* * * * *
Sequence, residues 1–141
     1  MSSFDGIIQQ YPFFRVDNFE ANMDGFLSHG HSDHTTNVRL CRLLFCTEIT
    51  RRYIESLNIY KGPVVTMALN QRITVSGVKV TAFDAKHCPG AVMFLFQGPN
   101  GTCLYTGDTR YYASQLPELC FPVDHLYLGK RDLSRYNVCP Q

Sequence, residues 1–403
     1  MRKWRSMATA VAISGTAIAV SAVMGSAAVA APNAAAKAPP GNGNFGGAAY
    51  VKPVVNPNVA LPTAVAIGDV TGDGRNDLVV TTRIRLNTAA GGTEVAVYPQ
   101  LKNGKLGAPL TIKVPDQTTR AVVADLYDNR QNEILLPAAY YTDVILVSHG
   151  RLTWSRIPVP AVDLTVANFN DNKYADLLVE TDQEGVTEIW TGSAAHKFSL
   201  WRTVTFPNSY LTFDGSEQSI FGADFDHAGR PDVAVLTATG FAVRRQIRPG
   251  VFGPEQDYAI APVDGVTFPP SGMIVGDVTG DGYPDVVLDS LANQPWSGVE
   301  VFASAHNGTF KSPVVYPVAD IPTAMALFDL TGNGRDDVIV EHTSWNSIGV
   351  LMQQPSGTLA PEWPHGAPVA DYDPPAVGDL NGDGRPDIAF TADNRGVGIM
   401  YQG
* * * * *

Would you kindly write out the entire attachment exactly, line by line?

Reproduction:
Sequence, residues 1–141
     1  MSSFDGIIQQ YPFFRVDNFE ANMDGFLSHG HSDHTTNVRL CRLLFCTEIT
    51  RRYIESLNIY KGPVVTMALN QRITVSGVKV TAFDAKHCPG AVMFLFQGPN
   101  GTCLYTGDTR YYASQLPELC FPVDHLYLGK RDLSRYNVCP Q

Sequence, residues 1–403
     1  MRKWRSMATA VAISGTAIAV SAVMGSAAVA APNAAAKAPP GNGNFGGAAY
    51  VKPVVNPNVA LPTAVAIGDV TGDGRNDLVV TTRIRLNTAA GGTEVAVYPQ
   101  LKNGKLGAPL TIKVPDQTTR AVVADLYDNR QNEILLPAAY YTDVILVSHG
   151  RLTWSRIPVP AVDLTVANFN DNKYADLLVE TDQEGVTEIW TGSAAHKFSL
   201  WRTVTFPNSY LTFDGSEQSI FGADFDHAGR PDVAVLTATG FAVRRQIRPG
   251  VFGPEQDYAI APVDGVTFPP SGMIVGDVTG DGYPDVVLDS LANQPWSGVE
   301  VFASAHNGTF KSPVVYPVAD IPTAMALFDL TGNGRDDVIV EHTSWNSIGV
   351  LMQQPSGTLA PEWPHGAPVA DYDPPAVGDL NGDGRPDIAF TADNRGVGIM
   401  YQG